Lecture 2 - Announcements 1.Lecture slides will be posted...

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Announcements 1.Lecture slides will be posted on Scholar (see “resources”) the afternoon or evening before class. 2.Read announcements on Scholar! 3.First HW on Aplia is due Monday at 11:45pm. 4. If you took ECON 2005 last semester and are repeating, I can get your Aplia account extended. E-mail me if you have not already. 5.Now: Ch 1-2 in the book. Next week: ch 4.
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Learning how to think like an Economist Here are some things to think about in your everyday life. 1. Don’t confuse association with causation People commonly think that if two things happen together, then one (usually the one that comes first) must cause the other. This is not always true. In other words, if Event A happens before Event B, it is not necessarily true that A caused B. B may have somehow caused A or both A and B may have been caused by something else.
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Learning how to think like an Economist 2. Don’t make the “Fallacy of Composition” fallacy of composition: People often make the mistake of thinking that what is true or best for one person is necessarily true for all. Example: stealing internet from your neighbor. Good if you do it but what if everyone did it? No internet.
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Learning how to think like an Economist 3. Don’t ignore secondary effects Ignoring secondary effects: Often people do not think about or do not anticipate unintended consequences of their decision or action. Example: Child-proof aspirin bottles actually caused more children to get access to drugs since the adults just left the caps off because they were too hard to open.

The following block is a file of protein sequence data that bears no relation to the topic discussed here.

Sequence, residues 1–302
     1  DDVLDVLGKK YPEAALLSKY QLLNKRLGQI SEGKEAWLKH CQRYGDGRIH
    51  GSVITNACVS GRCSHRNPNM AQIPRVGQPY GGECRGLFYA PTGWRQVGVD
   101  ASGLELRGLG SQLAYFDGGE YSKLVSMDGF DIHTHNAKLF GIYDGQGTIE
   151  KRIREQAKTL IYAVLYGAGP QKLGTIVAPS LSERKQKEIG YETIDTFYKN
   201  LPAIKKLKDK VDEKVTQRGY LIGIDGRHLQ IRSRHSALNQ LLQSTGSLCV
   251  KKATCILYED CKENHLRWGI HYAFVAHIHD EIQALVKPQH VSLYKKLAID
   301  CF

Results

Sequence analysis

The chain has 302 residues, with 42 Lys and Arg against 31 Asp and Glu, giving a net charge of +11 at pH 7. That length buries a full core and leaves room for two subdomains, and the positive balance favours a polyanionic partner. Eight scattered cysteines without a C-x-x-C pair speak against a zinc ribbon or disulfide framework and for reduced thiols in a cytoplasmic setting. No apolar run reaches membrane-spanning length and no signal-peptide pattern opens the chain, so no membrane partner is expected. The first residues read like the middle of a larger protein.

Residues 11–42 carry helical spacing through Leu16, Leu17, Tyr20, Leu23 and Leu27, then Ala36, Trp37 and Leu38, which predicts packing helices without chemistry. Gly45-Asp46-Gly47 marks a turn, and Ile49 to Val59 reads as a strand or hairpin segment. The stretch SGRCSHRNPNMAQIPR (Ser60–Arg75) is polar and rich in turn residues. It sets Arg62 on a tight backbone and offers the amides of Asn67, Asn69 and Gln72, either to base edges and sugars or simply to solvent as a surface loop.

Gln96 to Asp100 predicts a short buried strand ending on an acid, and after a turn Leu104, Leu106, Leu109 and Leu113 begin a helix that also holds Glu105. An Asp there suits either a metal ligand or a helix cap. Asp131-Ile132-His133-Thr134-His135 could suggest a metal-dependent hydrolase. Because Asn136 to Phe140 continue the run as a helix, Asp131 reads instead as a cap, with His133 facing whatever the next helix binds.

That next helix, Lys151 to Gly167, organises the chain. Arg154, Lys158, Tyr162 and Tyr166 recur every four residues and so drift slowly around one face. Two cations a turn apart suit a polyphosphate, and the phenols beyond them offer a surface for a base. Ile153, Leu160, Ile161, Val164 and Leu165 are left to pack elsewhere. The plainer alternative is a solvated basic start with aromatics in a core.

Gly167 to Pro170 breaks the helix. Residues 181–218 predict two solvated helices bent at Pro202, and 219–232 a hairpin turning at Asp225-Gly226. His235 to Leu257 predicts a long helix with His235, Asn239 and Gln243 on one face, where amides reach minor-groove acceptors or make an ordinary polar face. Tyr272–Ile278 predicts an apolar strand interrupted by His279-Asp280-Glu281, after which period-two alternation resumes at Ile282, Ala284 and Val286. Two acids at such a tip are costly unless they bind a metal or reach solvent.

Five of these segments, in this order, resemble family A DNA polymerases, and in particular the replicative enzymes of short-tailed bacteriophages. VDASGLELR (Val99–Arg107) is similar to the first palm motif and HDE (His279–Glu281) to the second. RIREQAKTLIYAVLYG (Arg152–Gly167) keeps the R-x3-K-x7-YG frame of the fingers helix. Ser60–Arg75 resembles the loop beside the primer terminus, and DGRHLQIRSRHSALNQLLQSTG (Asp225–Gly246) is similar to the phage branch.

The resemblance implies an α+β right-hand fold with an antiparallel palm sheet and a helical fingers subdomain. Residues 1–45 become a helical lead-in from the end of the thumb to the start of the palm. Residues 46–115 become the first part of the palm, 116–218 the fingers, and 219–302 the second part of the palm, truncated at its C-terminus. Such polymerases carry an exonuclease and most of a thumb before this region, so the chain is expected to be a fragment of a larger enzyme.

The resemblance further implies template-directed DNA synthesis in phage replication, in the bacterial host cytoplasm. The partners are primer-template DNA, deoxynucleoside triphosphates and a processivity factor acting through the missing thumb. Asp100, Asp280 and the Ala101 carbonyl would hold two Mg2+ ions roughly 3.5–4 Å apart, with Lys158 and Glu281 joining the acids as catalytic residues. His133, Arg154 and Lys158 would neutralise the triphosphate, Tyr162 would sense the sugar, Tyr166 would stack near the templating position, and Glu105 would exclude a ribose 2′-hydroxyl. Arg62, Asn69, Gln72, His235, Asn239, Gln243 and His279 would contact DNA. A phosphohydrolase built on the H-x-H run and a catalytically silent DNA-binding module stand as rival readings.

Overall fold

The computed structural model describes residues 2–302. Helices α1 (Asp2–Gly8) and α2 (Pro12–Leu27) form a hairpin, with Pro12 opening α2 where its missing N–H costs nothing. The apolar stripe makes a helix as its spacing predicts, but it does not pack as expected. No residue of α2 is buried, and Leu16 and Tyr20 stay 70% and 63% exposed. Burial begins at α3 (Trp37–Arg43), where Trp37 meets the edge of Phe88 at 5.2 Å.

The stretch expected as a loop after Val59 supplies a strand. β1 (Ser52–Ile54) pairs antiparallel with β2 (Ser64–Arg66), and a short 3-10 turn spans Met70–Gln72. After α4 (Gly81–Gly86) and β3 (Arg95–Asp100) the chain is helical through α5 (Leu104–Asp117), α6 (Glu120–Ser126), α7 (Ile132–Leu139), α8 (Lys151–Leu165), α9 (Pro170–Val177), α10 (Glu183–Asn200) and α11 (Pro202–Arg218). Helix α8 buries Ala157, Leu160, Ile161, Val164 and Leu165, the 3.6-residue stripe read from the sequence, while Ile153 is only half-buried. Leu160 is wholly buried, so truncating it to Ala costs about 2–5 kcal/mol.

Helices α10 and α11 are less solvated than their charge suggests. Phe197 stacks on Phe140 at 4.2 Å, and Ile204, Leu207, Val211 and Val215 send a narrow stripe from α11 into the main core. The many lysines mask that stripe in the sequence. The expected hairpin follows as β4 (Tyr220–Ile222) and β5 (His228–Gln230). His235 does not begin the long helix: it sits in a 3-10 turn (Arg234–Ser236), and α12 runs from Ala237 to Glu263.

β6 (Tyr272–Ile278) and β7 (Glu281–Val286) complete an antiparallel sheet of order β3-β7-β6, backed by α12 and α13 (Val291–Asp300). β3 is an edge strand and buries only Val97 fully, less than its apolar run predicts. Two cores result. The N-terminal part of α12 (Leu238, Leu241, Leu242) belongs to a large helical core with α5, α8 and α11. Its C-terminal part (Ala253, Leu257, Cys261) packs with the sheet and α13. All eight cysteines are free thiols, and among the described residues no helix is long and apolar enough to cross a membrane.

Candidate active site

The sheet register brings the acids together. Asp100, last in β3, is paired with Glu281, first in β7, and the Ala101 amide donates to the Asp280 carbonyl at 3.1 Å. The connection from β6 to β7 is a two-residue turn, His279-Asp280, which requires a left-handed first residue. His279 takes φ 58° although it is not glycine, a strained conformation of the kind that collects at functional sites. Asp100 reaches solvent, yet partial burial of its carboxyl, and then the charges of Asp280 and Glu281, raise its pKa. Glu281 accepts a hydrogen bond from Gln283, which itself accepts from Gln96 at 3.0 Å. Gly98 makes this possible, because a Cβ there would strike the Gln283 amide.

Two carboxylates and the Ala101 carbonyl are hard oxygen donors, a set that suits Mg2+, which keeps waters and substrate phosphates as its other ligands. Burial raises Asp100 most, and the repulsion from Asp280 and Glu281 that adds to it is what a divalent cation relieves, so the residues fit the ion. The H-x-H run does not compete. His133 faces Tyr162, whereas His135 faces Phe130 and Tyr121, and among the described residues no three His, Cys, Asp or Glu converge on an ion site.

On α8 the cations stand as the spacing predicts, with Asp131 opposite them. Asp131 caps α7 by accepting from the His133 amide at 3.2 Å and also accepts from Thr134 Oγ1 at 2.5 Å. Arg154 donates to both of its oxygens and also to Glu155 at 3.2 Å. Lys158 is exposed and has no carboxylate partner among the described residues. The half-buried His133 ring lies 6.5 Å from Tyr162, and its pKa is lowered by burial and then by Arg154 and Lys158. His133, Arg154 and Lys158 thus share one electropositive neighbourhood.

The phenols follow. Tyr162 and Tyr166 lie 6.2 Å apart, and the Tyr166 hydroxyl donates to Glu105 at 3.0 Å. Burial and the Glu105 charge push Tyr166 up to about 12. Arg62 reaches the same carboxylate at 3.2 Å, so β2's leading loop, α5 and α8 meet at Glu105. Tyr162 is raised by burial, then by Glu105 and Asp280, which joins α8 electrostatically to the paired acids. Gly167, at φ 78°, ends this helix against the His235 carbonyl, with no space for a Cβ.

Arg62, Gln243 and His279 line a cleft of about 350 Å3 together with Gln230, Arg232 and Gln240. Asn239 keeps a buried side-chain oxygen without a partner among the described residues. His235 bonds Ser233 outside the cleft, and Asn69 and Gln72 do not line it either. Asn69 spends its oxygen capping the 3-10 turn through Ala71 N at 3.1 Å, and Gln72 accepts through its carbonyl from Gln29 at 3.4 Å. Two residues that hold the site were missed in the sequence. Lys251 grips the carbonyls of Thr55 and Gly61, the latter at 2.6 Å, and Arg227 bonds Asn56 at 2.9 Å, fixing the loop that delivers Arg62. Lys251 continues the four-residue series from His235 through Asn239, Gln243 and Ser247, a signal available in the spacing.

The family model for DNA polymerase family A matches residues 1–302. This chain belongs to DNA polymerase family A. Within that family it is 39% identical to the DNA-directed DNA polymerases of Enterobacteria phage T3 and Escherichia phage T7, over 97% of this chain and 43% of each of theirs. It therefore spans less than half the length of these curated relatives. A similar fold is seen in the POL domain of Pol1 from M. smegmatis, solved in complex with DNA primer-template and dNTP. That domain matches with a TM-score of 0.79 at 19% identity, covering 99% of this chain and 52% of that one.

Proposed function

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Article Alert! Good examples of “unintended consequences” (“ignoring secondary effects”?) in NY Times article I put under “course documents” on Scholar By the authors of “Freakonomics” – a book worth checking out.
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Learning how to think like an Economist 4. Be aware of “self selection” Self selection: Often you will hear a statistic that sounds really impressive. But because of “self selection”, the reality may not be as impressive. Self selection is when people choose to be in the group being studied. Because of this, the stats are based on these people and not on those who did not choose to be in the group. Just think about who the stats apply to.
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Self selection Example: “People who switched to Auto Insurance company X saved, on average, $200 per year.” Well duh, if they weren’t going to save, they wouldn’t have switched. What about all the people who didn’t switch?
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This note was uploaded on 10/11/2011 for the course ECON 2005 taught by Professor Zirkle during the Spring '07 term at Virginia Tech.

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Lecture 2 - Announcements 1.Lecture slides will be posted...

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